Phone calls were sent to my computer, which I answered using software from the company, which enabled me to press a button to connect the call. I then simply read from a script that appeared on my screen. Easy Peasy! I took orders for a popular shopping channel, I took orders for a popular pizza chain, and I even took calls for credit card companies, signing up new customers. Everything I needed was right there in the script in front of me. If I did on occasion have an issue that I couldn’t handle, transferring the customer to a manager was as simple as pressing a couple buttons to pass the call to someone more qualified to help. I was soon able to relax enough to have a little fun with the job and be more personable with the callers. It made for a better experience and I’ll say it, I even began to enjoy being a WAH CSR. Three companies that have been around for a long time and have good reputations are:
• www.sykes.com (formerly Alpine Access)
I personally worked for West Corporation and I had a great experience with them. My husband even did some work for them short term, which essentially doubled our income at the time. We were both making $8.00 an hour when we were with West, but admittedly, this was years ago. At the time, $8.00 was pretty good considering the lack of overhead.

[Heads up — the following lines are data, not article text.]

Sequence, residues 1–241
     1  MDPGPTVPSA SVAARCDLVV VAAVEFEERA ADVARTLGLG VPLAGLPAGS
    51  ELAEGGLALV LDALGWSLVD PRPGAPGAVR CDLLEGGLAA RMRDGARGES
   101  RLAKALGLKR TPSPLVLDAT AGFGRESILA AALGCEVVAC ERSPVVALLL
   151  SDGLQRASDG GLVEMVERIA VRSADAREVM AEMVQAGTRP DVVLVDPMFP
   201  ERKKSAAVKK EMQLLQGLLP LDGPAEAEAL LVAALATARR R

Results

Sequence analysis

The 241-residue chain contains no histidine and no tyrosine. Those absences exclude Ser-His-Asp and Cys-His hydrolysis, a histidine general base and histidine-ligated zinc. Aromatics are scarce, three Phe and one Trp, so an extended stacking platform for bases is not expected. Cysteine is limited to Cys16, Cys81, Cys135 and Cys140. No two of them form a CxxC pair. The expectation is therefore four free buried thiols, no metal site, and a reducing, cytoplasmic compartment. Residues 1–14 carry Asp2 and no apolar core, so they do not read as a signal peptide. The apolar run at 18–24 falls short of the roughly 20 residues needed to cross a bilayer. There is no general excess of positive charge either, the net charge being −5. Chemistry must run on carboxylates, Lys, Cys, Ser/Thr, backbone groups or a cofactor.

Bottom Line: If you’re a people person, have a flexible schedule and love working in your PJs, WAH CSR just might be for you!
2. Transcription from Home
Eventually, my husband got a decent fulltime job which, coupled with my income as a customer service rep, enabled us to adequately sustain our household, and even a few luxuries from time to time. So, imagine my surprise when I was contacted out of the blue by a transcription company claiming that I had applied for them some time ago, and that they now had an opening for me if I was interested. Honestly, I had no recollection (I still don’t) of applying with this company, nor had I heard of them; but cautiously optimistic, I interviewed, went through the training and even received my first paycheck two weeks later.
My bank initially refused to honor the check, suspecting that it was a fraud, but after a triangle of phone calls to and from my bank, the transcription company and their bank, it was determined that it was a legitimate check, the funds were available and the company was legit after all. Boy, was I relieved!
Ten years later, I can confidently tell you that this company is huge, with big-name clients and continues to grow. And I’ve never once had an issue with payment. They faithfully make direct deposits into their contractors’ bank accounts twice a month. In fact, I still maintain one company’s required minimum of typing hours, per month, in order to keep my certification with them because these days, you just never know when you’ll need a little extra cash and it’s always good to have a backup.